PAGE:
I am not writing this post as a means of conning Duracell. All I wanted was a fully working torch that was damaged even after using the worlds leading battery maker's product.

Al
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Old 30th Oct 2013, 7:50 am   #11
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Default Re: Remove those batteries when out of use!

I ad a two-AA-cell Maglite ruined by leaky Alkaline batteries (brand forgotten); problem was when the batteries leaked they corroed themselves so firmly into the body of the Maglite that I couldn't actually get them out [well, I did in the end but it involved a lathe and the Maglite was mortally wounded in the process].

I _think_ I understand a bit about the failure-mode: this Maglite was one which lived in the car, and was regularly exposed to extremes of temperature, even though its actual _use_ as a torch was very infrequent. Summer in-vehicle temperatures of 50+, and a period in the subsequent winter where ambient temperature was -10 or below for over a week. My feeling is that it was the hot and cold that accelerated the battery-bursting. Now, some people suggest keeping unused batteries in the fridge to prevent self-discharge: whether keeping batteries in the freezer would be a good idea I have my doubts.
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Old 30th Oct 2013, 9:13 am   #12
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Default Re: Remove those batteries when out of use!

The last leaky batteries I had were in a cheap Cygnett iPod dock - within a month the cheapies that came with it (remote and clock backup) were starting to leak.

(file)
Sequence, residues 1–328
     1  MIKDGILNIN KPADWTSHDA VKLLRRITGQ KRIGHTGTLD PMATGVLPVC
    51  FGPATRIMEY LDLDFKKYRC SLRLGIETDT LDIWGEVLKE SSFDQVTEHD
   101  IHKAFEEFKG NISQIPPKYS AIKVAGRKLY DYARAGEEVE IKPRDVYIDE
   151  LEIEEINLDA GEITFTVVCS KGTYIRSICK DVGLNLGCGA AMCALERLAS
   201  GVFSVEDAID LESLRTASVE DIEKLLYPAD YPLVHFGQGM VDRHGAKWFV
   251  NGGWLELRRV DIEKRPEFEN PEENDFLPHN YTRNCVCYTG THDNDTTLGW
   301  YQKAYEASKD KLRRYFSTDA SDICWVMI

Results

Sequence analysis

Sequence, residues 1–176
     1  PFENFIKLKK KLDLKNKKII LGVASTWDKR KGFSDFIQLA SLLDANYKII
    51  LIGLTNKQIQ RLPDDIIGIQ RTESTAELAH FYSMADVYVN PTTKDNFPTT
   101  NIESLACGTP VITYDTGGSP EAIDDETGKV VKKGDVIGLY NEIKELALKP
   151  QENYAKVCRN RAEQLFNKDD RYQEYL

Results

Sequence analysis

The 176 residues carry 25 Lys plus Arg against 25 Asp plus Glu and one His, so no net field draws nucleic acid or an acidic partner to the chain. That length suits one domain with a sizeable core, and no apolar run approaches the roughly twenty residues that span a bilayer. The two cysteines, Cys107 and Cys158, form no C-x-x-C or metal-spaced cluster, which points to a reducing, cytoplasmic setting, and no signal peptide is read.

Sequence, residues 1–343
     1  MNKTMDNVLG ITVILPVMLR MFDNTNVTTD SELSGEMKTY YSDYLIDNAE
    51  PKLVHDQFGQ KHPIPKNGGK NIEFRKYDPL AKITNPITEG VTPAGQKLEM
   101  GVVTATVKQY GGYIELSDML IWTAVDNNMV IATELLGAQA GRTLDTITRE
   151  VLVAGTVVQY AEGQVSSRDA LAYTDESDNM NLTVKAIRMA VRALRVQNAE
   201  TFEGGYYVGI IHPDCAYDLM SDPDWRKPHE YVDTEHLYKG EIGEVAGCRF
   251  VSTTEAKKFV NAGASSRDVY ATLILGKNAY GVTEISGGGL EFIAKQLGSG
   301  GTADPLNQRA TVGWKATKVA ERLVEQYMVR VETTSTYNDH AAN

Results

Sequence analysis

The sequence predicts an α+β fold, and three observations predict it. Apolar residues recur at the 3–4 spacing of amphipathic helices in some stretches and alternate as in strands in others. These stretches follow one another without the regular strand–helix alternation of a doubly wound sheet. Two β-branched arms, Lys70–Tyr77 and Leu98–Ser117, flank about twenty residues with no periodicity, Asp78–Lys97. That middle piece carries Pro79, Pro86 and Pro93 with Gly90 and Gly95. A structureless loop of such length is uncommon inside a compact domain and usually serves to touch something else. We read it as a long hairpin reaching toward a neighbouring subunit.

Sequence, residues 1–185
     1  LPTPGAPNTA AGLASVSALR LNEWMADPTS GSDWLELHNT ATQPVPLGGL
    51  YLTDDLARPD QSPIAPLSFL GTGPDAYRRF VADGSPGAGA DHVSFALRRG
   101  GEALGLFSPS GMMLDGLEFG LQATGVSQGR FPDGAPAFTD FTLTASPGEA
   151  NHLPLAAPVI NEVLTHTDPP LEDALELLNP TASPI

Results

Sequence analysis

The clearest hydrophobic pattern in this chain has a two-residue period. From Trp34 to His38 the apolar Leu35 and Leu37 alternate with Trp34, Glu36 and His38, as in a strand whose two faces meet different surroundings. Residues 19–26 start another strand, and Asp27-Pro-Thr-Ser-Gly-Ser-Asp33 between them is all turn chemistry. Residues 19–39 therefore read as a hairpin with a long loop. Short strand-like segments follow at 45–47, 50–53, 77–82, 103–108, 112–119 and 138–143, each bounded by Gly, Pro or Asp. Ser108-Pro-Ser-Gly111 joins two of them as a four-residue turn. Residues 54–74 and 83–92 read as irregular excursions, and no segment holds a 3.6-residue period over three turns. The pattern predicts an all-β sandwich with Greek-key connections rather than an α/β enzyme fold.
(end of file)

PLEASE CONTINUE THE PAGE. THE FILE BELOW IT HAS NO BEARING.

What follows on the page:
I use Dick Smith's home brand ("DSE") alkalnes - AA, AAA and 9V - and never had a problem.
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Old 30th Oct 2013, 9:23 am   #13
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Default Re: Remove those batteries when out of use!

I favour the "procell" cells and batteries made by Duracell.
These are said to be exactly the same battery as the well known Duracells sold everywhere, but in a different package, primarily intended for trade use and not meant to be sold retail.

Because the "procell" branding is less well known I suspect that they are not work faking and are therefore allways genuine.
The retail branded Duracells are often fakes and therefore of doubtful qaulity.

Procells may be purchased from trade suppliers, or on line.
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Old 30th Oct 2013, 9:41 am   #14
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Default Re: Remove those batteries when out of use!

We use Procell at work, always from reputable suppliers. Sad to report that these are not immune to leaking either.
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Old 30th Oct 2013, 12:52 pm   #15
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Default Re: Remove those batteries when out of use!

Strangely though, I've removed long dead, I mean DECADES long dead batteries from ancient Avo's that have not leaked at all. The most surprising recently are 2 x Eveready 1289, 4.5 volt plastic cased with bar codes so within the last 20 years or so old, another 1289 but REALLY old, with paper and card case at least 50 years old, and a No.11 1.5v cell, tall, square column shape, wax paper case, dated March 1970!! All totally leak free! Also have a handfull of B121's and B122's dead but in leak free condition. One is marked GPO No.27 made 6/73! Yet I've had a number of top brand Alkaline cells leak like they were designed to, over the last 2 or 3 years.